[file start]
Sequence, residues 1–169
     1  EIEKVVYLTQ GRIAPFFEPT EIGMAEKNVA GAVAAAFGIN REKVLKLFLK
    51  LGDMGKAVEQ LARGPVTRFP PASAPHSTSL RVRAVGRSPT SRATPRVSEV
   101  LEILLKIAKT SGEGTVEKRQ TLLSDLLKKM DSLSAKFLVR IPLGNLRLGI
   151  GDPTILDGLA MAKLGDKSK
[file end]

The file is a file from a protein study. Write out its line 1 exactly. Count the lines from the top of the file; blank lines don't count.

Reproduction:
Sequence, residues 1–169